Is football too risky for kids?

Is football too dangerous for teens HBO’s Real Sports looks at the risks of head trauma — 17 players have died in the last three years — and at USA Football’s safety initiative, “Heads Up Football.”

“We believe in hitting a lot,” says John Collins, coach of the San Antonio Predators. His players practice full-contact hitting for 90 minutes a day, three times the recommended limit.

Dartmouth Coach Buddy Teevens has cut concussions from 20 a year to two by banning contact tackling in practices. Players tackle sleds and dummies. All eight Ivy League football coaches voted year to ban full-contact tackling in practices, reports Ed Week.

Pedal power raises math grades

Students can choose to pedal during class. Photo: Paul Cory/Wake County Public Schools

Pedal power is helping kids pay attention and learn more math at a North Carolina middle school, reports BBC News.

Bethany Lambeth’s students had trouble sitting still. She put 10 bike pedals under desks and let them try to burn off energy quietly during lessons.

Students said it improved their focus.

“They were able to recall a lot more of what I was saying and because they participated more they understood more and they did better in tests.”

As a result she says their test grades demonstrably improved from when the pedals were introduced in April compared to earlier in the school year.

The school hopes to buy bike pedals for more classrooms.

Fierce feminists — or Indian-identity thieves?

nativeA girls’ high school basketball team in Iowa is under fire for a poster honoring the school’s Indian mascot, writes Robby Soave on Reason‘s Hit & Run. The Clarke High basketball team stands accused of appropriating Native American culture by dressing up as Indians. (They dance at the bottom of the poster, above the basketball schedule.)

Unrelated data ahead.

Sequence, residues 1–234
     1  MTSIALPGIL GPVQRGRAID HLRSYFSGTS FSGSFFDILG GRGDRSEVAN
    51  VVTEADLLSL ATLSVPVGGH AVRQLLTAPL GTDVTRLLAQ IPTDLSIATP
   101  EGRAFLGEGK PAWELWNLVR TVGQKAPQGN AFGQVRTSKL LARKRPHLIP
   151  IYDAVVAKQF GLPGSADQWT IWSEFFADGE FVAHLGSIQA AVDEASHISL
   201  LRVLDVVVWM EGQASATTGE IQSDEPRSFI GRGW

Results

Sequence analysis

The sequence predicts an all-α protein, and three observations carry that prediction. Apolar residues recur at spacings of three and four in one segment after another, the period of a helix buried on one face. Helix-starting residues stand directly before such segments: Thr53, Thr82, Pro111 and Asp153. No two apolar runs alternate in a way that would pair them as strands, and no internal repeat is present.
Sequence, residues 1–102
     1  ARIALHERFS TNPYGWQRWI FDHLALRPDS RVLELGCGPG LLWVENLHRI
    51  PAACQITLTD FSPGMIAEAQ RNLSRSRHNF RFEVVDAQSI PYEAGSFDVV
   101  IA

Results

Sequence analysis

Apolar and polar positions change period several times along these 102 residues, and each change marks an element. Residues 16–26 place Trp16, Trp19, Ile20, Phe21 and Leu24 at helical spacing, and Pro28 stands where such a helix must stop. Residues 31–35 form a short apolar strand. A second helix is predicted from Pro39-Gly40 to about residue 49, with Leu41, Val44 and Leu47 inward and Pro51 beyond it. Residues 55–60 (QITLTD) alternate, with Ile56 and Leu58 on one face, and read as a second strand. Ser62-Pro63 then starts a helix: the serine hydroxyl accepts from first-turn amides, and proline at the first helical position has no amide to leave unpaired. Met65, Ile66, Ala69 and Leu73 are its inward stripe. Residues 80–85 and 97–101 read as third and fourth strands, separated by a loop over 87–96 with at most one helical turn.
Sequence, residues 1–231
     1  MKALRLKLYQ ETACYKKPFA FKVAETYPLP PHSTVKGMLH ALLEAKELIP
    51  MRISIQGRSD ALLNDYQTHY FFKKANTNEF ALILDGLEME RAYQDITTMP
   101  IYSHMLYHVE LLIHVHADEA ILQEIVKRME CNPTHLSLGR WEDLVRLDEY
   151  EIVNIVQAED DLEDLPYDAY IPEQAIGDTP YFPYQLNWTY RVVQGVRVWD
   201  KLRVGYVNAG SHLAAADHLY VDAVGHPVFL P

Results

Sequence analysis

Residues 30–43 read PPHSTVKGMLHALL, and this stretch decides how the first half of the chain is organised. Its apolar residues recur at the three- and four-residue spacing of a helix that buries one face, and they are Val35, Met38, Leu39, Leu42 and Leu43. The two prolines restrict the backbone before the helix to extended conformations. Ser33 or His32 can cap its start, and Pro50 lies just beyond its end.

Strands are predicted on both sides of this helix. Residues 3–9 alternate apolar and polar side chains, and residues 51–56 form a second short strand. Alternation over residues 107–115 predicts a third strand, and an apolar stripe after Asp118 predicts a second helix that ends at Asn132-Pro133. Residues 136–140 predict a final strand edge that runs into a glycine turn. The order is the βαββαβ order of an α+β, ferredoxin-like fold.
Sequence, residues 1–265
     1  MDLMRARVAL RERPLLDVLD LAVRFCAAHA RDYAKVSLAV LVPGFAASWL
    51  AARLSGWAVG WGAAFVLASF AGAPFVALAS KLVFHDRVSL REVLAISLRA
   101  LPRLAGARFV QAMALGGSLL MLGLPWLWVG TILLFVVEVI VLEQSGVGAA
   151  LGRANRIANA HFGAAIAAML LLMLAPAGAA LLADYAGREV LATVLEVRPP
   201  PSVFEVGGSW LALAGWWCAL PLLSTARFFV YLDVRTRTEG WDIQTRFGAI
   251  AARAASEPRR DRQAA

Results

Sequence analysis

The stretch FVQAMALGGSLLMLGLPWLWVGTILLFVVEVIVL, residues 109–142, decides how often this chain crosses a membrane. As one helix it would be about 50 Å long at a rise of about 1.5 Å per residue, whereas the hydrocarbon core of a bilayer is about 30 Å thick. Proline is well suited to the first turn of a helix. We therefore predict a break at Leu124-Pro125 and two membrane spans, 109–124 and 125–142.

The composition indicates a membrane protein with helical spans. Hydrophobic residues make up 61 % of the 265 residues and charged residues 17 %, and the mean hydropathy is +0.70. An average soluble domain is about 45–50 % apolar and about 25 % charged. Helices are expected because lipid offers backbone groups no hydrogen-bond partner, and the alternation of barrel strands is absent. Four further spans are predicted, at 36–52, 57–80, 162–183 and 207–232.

“Several people pointed out on Facebook that the headdress is sacred in Native American tradition, and only men were allowed to wear it,” writes Soave. “But in that case, aren’t the girls actually striking a blow against the patriarchy?”

“Kudos to the Arbiters of Femininity for cyberbullying these girls,” writes The College Fix‘s Greg Piper.

“The girls look fierce as hell,” writes Soave

Clarke High asked photographer Ben Shirk to shoot a poster incorporating the mascot, writes Nick Martin. He calls the result “high-quality racism.”

When I started at Stanford, we were the “Indians.” Home football games started with a dance by “Prince Lightfoot.” My roommate, who was Native American, didn’t mind the Indian name, but hated the dance, which she said was pure Hollywood hoke. By sophomore, we were the Stanford Cardinal — a color, not a bird. I wonder what she’d think of the poster.

Iowa prof: Herky the Hawk spurs aggression

The University of Iowa’s Herky the Hawk mascot is too angry, “conveying an invitation to aggressivity and even violence,” complains a pediatrics professor.

“I believe incoming students should be met with welcoming, nurturing, calm, accepting and happy messages,” wrote Resmiye Oral in an email to UI athletic department officials and the Faculty Senate.

In a phone interview with the Press-Citizen, Oral said university symbols — Fighting Herky, the “Old School” Flying Herky and the Tigerhawk logo — should show a variety of facial expressions.

Aggression is OK for the football field, but not for posters welcoming new students, she argued.

Angry Herky images on posters “are totally against the nonviolent, all accepting, nondiscriminatory messages we are trying to convey through campus,” she told colleagues.

U.S. students win Math Olympiad — again

U.S. Math Olympiad team members Ankan Bhattacharya, Allen Liu, Ashwin Sah, Michael Kural, Yuan Yao and Junyao Peng. Photo: Carnegie Mellon University